“We don’t make any determination requiring any measure of viability, or whether or not someone is going to win,” Merrill said. “That is not the measure we use.”

J.R. Romano, the state Republican chairman, said Merrill is imposing a primary on a Republican Party that doesn’t want one, and she did so without consulting him, a snub he called petty.

“I don’t think she did her due diligence,” Romano said. “We are actually looking at challenging it.”

Nothing in state law suggests the secretary of the state should consult with party leaders, make a judgement about the viability of candidates, or the consider the cost to the towns of printing ballots for a primary challenge of a sitting president.

“What J.R. calls pettiness, we call democracy,” said Gabe Rosenberg, a spokesman for Merrill. “Our office followed both the letter and spirit of the law, and let the voters decide.”

Anyone paying moderate attention to the campaign will recognize the eight Democrats placed on the ballot by Merrill. Another path to the ballot is gathering signatures from one percent of the party’s enrollment.

No one is suggesting the Trump’s renomination is in jeopardy. But should Republican challengers be allowed to try? And should Republican voters not enamored with the president be afforded the opportunity to signify that in a primary?

Romano said the answer is no. Merrill says state law indicates otherwise.

Weld, the former governor of Massachusetts, is offering himself as the leading alternative for GOP voters who cannot abide a second Trump term. De La Fuente is making his second run, but his first as a Republican.

Weld finished second in the Granite State’s crowded primary with 9.1%. De La Fuente garnered 146 votes, good enough to finish ninth with one-tenth of one percent.

Ballot access in New Hampshire is purchased by paying a $1,000 filing fee. (Mark Stewart Greenstein of West Hartford, who also ran for governor in 2018, was the first to sign up for the New Hampshire primary in 2016 primary and again in 2020.) He won fewer than 50 votes each time.

Four years ago, De La Fuente petitioned his way onto the Democratic ballot in Connecticut. He lives in California, but De La Fuente also has run in primaries for the U.S Senate in nine states. He went 0-for-9, hitting a high-water mark of 12.3% in a two-way R.I. primary.

By Merrill’s reckoning, De La Fuente has attracted sufficient press coverage to qualify in Connecticut this year. Besides, he has a habit of suing for access. (He won a suit against Connecticut years ago over its requirement that only state residents circulate his petitions.)

“He is a very persistent candidate,” Merrill said.

Connecticut is one of six states participating in what is variously dubbed the I-95 or Acela primary on the eastern seaboard. The others are Delaware, Maryland, New York, Pennsylvania and Rhode Island.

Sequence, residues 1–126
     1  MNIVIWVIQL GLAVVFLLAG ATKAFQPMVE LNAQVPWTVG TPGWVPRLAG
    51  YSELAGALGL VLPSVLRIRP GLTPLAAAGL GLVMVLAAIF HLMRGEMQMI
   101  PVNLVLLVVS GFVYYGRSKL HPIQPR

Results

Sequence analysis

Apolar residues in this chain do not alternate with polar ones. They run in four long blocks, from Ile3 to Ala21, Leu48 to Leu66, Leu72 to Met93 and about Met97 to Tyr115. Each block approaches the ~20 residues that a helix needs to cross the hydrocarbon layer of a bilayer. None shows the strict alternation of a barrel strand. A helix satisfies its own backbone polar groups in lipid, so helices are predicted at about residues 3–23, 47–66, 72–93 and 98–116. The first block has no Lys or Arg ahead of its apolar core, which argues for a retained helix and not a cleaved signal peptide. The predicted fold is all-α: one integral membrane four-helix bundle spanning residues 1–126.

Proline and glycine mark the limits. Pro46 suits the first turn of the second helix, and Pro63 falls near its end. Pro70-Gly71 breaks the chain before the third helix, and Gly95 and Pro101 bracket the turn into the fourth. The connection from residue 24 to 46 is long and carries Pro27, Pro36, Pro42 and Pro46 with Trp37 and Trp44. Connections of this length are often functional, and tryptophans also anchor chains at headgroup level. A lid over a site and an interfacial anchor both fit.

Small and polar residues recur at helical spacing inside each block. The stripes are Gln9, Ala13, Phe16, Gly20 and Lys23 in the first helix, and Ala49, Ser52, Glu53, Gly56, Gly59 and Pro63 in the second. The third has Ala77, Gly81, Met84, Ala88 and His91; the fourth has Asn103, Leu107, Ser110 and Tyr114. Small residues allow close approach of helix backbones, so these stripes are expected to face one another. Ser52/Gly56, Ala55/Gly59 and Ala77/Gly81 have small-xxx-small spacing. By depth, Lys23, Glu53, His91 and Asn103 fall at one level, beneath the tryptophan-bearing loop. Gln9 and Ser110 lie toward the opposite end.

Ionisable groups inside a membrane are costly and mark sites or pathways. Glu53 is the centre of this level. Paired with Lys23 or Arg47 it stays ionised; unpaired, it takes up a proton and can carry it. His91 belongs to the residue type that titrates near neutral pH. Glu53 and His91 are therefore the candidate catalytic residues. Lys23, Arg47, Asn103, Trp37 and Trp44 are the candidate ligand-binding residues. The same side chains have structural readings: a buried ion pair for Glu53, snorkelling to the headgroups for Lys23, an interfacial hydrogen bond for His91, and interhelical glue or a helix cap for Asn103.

Trump won a four-way Connecticut primary in 2016 with 123,523 votes. John Kasich, then the governor of Ohio, was second with 60,522. Sen. Ted Cruz and Ben Carson also were on the ballot.

Hillary Clinton beat Sanders in a three-way race, 170,045 to 152,379. De La Fuente was third with 960.

Letter: Racism at Staples

Although some black people live in Westport, we are always asked “if we live in Bridgeport,” “If this is our real hair,”” If we can give out the Ni**a or Ni**er” pass.

Several guidance counselors have told the Hispanics females at school “they couldn’t wear the same outfits as the white girls because we had too much to show.”

Not once this month has it been mentioned that it’s black history month over the morning announcements.

In the year of 2019, Principal D’Amico stripped away all our chairs and tables in the lobby so we wouldn’t sit there anymore.

We’ve tried every way to voice our opinions on how we are being treated at this school. Some of us feel like we’re being “held in prison for punishment.” No one listens to us and we want change.

Please help us voice our opinions and seek awareness to this situation.

Niah Michel (17)

Friday, Feb. 14, 2020 ♥

10 a.m. – 3 p.m. – Curio Cottage Thrift Shop (44 Imperial Ave.) – Westport Woman’s Club “Sweetheart of a Sale”
10 a.m. – Westport Library – Language Conversation Group: Japanese
11 a.m. – Westport Library – Language Conversation Group: French
11 a.m. – 6 p.m. – Westport Museum for History & Culture – “Becoming Westport”
Noon – Town Hall Room 201/201A – Affordable Housing Subcommittee
3 p.m. – 5 p.m. – Westport Library – Drop-in Tech Help
8 p.m. – Town Hall – Westport Community Theatre: “Our Mother’s Brief Affair”

See more events: Celebrate Westport Calendar

Gallery: Ocean Explorer in Library Talk

Scenes from tonight’s Westport Library overflow talk by Robert Ballard, an ocean explorer most known for the discoveries of the wrecks of the RMS Titanic in 1985, the battleship Bismarck in 1989, and the aircraft carrier USS Yorktown in 1998. He discovered the wreck of John F. Kennedy’s PT-109 in 2002. He was in conversation with Andrew Wilk. In the Q&A with the audience, someone asked, what was your favorite exploration?  Ballard, 77, snapped back: “The one I’m going to do next.” Dave Matlow for WestportNow.com

Library Love Tale

WestportNow.com Image
Jack Powell, 16, a junior at Brookfield High School, planned an inspirational prom invitation to his classmate, Mia Ballard, 16, (no relationship to Robert Ballard, the Westport Library featured speaker tonight.) The Valentine Day eve photo was planned with the assistance of his mother, Robin, administrative assistant to Library executive director Bill Harmer, who shot the photo at the moment the anticipated Titanic movie scene would appear on the Library auditorium screen. The screen wording; ” Mia: I’ll be sunk if you don’t go to the prom with me.” (CLICK TO ENLARGE) Contributed photo